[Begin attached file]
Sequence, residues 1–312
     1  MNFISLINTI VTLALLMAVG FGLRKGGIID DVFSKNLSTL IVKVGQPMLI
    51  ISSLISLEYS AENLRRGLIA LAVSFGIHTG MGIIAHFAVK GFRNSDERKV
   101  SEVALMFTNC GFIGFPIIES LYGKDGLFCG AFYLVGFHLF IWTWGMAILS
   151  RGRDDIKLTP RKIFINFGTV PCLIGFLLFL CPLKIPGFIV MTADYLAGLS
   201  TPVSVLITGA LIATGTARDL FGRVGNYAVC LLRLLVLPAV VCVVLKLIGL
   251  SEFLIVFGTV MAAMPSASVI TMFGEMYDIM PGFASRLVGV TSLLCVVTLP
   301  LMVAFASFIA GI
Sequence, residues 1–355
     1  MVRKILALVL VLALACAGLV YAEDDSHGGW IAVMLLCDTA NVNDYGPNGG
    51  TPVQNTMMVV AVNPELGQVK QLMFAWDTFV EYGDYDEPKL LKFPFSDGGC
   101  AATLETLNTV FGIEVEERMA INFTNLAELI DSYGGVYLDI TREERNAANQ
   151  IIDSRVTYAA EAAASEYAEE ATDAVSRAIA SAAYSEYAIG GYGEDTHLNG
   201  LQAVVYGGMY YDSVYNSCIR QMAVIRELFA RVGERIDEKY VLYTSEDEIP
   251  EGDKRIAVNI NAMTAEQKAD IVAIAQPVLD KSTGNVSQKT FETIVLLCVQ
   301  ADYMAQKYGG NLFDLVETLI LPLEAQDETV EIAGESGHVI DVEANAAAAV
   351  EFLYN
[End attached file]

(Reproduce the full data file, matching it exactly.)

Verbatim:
Sequence, residues 1–312
     1  MNFISLINTI VTLALLMAVG FGLRKGGIID DVFSKNLSTL IVKVGQPMLI
    51  ISSLISLEYS AENLRRGLIA LAVSFGIHTG MGIIAHFAVK GFRNSDERKV
   101  SEVALMFTNC GFIGFPIIES LYGKDGLFCG AFYLVGFHLF IWTWGMAILS
   151  RGRDDIKLTP RKIFINFGTV PCLIGFLLFL CPLKIPGFIV MTADYLAGLS
   201  TPVSVLITGA LIATGTARDL FGRVGNYAVC LLRLLVLPAV VCVVLKLIGL
   251  SEFLIVFGTV MAAMPSASVI TMFGEMYDIM PGFASRLVGV TSLLCVVTLP
   301  LMVAFASFIA GI
Sequence, residues 1–355
     1  MVRKILALVL VLALACAGLV YAEDDSHGGW IAVMLLCDTA NVNDYGPNGG
    51  TPVQNTMMVV AVNPELGQVK QLMFAWDTFV EYGDYDEPKL LKFPFSDGGC
   101  AATLETLNTV FGIEVEERMA INFTNLAELI DSYGGVYLDI TREERNAANQ
   151  IIDSRVTYAA EAAASEYAEE ATDAVSRAIA SAAYSEYAIG GYGEDTHLNG
   201  LQAVVYGGMY YDSVYNSCIR QMAVIRELFA RVGERIDEKY VLYTSEDEIP
   251  EGDKRIAVNI NAMTAEQKAD IVAIAQPVLD KSTGNVSQKT FETIVLLCVQ
   301  ADYMAQKYGG NLFDLVETLI LPLEAQDETV EIAGESGHVI DVEANAAAAV
   351  EFLYN